Public holidays like Easter, Christmas on December 25, New Years Day on January 1 are celebrated with friends and relatives. They are a time to sing, dance and feast.

Kenya also celebrates Boxing Day on December 26, the day after Christmas Day. Labour Day is celebrated on May 1. Madaraka Day on June 1, marks the anniversary of self-government. On October 10, Kenyans celebrate Moi Day, named after their president. On October 20 they have Kenyatta Day, named for the first president after independence. Jamhuri Day, which is the anniversary of Kenya's independence, is celebrated on December 12.

Many Muslims live along the east coast of Kenya. For them, the most important festival is Eid-al-Fitr, which marks the end of the fasting month of Ramadan. People wear bright, new clothes and celebrate by visiting each other before attending a festival. The Hindus celebrate Diwali, the festival of light, among other holidays. Other religious groups throughout the country celebrate special days according to their faith.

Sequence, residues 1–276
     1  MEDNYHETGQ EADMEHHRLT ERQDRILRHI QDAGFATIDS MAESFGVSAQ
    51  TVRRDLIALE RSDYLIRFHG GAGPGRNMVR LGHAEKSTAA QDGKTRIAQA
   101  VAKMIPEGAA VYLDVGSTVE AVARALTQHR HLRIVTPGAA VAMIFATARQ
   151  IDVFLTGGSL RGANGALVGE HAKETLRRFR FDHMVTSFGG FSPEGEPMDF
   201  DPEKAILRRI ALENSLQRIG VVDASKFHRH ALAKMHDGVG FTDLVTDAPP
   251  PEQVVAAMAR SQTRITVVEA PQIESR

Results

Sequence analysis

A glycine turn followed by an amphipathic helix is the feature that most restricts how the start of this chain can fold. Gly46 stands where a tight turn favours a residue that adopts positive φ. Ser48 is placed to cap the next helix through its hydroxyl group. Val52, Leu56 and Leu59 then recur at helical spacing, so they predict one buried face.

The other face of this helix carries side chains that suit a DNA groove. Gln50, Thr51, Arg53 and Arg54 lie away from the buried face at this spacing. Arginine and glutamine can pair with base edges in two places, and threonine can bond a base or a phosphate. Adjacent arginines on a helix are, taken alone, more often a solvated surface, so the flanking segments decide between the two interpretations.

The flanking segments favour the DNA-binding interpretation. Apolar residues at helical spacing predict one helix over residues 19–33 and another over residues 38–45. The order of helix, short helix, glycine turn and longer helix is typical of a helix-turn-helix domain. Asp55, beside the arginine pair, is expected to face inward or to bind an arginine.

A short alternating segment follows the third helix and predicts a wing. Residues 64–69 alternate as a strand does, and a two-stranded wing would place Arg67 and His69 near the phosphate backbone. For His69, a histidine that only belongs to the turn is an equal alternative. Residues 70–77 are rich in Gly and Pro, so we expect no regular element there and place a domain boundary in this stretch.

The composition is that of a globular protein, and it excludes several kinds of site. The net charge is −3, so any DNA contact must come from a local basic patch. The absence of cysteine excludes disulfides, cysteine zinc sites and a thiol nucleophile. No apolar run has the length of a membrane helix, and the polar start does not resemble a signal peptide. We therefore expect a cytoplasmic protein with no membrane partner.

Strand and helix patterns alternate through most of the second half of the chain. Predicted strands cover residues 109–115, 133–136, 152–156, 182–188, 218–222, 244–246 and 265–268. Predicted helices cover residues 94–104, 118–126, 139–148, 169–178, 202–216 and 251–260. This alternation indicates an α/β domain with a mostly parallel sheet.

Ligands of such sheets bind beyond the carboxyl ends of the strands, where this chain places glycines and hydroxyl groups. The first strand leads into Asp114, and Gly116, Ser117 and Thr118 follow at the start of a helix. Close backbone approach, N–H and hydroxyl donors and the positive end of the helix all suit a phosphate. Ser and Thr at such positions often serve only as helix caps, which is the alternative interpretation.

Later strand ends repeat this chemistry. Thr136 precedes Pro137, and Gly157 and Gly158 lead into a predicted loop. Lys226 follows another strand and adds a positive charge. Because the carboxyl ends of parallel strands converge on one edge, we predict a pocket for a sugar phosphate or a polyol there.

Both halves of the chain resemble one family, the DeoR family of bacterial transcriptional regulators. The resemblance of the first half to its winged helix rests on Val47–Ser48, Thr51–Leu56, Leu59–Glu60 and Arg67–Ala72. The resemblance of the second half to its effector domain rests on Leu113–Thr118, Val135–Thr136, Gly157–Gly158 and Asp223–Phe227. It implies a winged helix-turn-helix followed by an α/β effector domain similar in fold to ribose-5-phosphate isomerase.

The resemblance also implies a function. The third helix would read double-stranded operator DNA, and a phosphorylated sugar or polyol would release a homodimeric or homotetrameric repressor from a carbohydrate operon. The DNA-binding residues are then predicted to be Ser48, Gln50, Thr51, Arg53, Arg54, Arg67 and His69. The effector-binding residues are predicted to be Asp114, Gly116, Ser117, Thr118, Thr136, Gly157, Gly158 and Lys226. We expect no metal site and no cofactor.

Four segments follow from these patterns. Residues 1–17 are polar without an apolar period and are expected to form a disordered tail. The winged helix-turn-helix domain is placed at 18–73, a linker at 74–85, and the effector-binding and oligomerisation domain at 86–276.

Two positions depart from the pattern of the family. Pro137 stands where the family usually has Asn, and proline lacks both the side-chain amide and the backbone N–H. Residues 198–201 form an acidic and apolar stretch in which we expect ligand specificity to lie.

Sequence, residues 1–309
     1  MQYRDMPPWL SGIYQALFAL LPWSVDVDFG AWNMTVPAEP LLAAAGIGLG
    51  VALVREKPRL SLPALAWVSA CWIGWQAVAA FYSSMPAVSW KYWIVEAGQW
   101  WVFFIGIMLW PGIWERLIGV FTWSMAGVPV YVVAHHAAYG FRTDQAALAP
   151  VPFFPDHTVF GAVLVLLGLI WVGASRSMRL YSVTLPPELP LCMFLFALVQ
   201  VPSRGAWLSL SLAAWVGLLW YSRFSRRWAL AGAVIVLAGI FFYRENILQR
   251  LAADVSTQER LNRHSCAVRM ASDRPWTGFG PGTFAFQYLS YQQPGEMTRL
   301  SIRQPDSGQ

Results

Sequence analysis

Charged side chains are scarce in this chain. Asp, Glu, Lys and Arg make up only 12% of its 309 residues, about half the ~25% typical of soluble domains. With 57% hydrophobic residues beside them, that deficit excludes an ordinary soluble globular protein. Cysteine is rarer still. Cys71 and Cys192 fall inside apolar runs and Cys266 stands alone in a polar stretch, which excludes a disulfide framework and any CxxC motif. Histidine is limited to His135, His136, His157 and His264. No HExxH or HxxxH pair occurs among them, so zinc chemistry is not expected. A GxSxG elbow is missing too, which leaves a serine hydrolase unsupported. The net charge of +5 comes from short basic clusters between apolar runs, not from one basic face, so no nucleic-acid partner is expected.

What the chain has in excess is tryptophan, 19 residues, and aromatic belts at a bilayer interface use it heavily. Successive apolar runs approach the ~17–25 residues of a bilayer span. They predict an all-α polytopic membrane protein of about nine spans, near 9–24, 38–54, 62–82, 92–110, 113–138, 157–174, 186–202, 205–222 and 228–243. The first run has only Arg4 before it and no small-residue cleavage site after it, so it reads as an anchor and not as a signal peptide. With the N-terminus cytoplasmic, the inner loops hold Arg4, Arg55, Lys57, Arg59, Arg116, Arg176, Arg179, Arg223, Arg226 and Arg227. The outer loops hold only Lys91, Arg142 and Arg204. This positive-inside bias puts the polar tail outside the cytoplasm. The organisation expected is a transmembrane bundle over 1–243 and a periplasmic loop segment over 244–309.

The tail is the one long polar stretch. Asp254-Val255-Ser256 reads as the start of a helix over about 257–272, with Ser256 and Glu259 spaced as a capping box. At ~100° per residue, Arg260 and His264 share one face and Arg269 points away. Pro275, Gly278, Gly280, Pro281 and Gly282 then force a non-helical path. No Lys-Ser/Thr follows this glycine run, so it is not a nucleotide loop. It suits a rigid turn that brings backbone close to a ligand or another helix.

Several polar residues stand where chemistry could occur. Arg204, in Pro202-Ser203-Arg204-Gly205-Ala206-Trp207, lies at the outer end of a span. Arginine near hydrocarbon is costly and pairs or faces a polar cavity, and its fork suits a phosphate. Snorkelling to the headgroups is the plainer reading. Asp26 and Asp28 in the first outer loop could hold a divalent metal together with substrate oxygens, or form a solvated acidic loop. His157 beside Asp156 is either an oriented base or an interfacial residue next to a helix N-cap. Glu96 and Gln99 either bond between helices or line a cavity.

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Kenyans have created highly artistic dances that are performed during ceremonies at birth celebrations, marriages and funerals.

Dancing is a favourite form of celebration and recreation throughout Kenya. Traditional dances are also part of national holiday celebrations, and various ethnic groups compete with one another in traditional dance contests. The best known Kenyan dances are masai and samburu. Some dances involve hypnotic swaying. Others are more energetic, with leaping and precision movements.

With many rural Kenyans running farming enterprises, agricultural shows are popular and well-attended. For vacations, wealthy Kenyans travel to the coast with their families to enjoy the pristine beaches.